His early career plan does not bear much resemblance to the path he has taken since. “When I left school I thought I was going to be a secondary school teacher. That’s why I took the Bachelor of Arts. I enrolled in what in those days was called a post-primary teachers’ studentship.”
After just one year at university, Langford realised he probably had better long-term prospects in accounting. He switched courses and qualified as a chartered accountant, whereupon he quickly repaid his bond for the post-primary teacher’s allowance.
Langford also had a passion for rugby and played for the university in a social team called the Teddy Bears for around 10 years. “We didn’t actually do any training – you could say we had to look after our own fitness,” he recalls. “Our theme song was Teddy Bears’ Picnic, so you can imagine after the game some rollicking renditions of that song with new lyrics.”
After becoming treasurer of the university rugby football club, Langford became embroiled in student politics as treasurer of the Victoria University Students’ Association. Following his marriage, he decided he’d better start earning a wage. “I got a job working with a company that was an antecedent firm of Ernst & Young, as a chartered accountant in training.”
When he started work in the late 1960s, there were no computers around and Langford could foresee no link to what would in the bright, shiny future become information technology. Instead, he moved into big business via auditing and accounting in a path that took in Alex Harvey Industries (AHI) and Fletcher Building. He considers his first major role, however, to have been financial controller of the New Zealand Glass Works in Auckland’s Penrose. He was then made a manager of some of the company’s building and packaging subsidiaries, where he spent several years. “I was manager of AHI Laminex and New Zealand Fibreglass Company, and in the packaging area I was manager of the metal container division and plastic film, flexible packaging.”
The path to information technology began when Langford was asked to manage what was then the AHI datacentre, in which an IBM 360 system – one of the first mainframes – had just been installed. So Langford, like a few other industry veterans, can talk first-hand about the evolution from punch cards to tape and beyond. “At that stage, in the 1970s going into the early 1980s, the first ERP or MRP [material and requirements planning] systems were just coming in,” he remembers. This grounding in management and finance in packaging and building products gave him a sound foundation and an understanding of various technologies, which made for a smooth transition into the business applications for early computing.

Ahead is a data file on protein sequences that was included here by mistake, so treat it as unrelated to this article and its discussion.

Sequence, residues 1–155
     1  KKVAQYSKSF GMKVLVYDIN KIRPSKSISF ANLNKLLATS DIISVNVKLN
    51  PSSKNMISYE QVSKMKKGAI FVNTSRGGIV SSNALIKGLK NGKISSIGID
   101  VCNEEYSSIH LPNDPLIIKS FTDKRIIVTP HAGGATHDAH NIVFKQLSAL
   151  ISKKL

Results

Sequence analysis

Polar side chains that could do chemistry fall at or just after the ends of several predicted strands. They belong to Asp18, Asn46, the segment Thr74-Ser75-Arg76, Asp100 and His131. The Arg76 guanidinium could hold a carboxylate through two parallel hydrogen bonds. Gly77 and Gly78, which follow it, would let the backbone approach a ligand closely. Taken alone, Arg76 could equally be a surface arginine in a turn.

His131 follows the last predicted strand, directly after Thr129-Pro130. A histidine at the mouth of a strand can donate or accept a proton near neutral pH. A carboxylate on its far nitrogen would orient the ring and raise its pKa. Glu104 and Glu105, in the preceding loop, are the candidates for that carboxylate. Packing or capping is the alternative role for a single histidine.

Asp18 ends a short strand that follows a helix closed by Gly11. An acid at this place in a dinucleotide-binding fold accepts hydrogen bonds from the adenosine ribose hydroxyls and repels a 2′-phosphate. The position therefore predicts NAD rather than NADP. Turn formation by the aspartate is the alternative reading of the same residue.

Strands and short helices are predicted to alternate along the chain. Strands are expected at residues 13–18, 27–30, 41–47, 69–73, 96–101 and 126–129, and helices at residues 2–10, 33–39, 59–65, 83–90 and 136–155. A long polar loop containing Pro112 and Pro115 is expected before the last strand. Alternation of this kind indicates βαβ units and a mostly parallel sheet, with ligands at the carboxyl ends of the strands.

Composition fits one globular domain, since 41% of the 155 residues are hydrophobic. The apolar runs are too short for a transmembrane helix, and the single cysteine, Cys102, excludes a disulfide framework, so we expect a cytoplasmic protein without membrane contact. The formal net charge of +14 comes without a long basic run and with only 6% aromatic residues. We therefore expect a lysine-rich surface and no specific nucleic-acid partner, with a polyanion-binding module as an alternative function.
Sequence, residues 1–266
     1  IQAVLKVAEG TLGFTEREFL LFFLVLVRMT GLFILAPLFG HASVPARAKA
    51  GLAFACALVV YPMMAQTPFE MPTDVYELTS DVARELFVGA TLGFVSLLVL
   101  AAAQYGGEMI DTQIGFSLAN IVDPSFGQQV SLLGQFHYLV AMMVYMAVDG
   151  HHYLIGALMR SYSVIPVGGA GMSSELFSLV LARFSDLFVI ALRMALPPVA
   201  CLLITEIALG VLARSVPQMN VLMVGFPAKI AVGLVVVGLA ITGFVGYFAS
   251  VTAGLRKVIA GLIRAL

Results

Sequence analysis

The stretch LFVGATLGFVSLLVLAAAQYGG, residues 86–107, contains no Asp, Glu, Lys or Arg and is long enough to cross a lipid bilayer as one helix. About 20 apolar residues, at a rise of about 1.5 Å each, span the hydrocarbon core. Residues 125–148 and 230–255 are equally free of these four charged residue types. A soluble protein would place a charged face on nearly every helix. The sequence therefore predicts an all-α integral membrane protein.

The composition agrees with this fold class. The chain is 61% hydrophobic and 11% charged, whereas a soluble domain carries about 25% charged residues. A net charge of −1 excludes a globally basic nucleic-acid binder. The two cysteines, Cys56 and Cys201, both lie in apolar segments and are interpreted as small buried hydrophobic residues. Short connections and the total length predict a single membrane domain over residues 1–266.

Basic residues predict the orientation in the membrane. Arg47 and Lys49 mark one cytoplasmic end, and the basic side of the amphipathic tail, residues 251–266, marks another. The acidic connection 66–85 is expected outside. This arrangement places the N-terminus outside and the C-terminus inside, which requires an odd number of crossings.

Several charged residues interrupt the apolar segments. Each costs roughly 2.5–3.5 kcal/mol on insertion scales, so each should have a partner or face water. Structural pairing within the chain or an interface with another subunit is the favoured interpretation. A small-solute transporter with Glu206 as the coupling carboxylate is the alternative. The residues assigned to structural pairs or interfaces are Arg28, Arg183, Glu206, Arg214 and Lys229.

A move to the dairy industry followed, when Langford became a senior manager in the New Zealand Dairy Group prior to the creation of Fonterra, looking after marketing and distribution for the Anchor brand. He remained in dairy for 12 years and witnessed the rationalisation that took the industry from around 33 companies when he started to three when he left.
He went to work for the government, spending three years with Trade New Zealand. His network of international contacts resulted in him becoming closely involved with the creation of Investment New Zealand, of which he became a director, when it was set up with the change of government in 1999 to attract foreign investment to New Zealand. “I met a lot of people in IT and spent a lot of time with New Zealand IT companies, trying to get them connected to international networks, and also working with some of the big, international IT companies and trying to get them to take more interest in New Zealand.”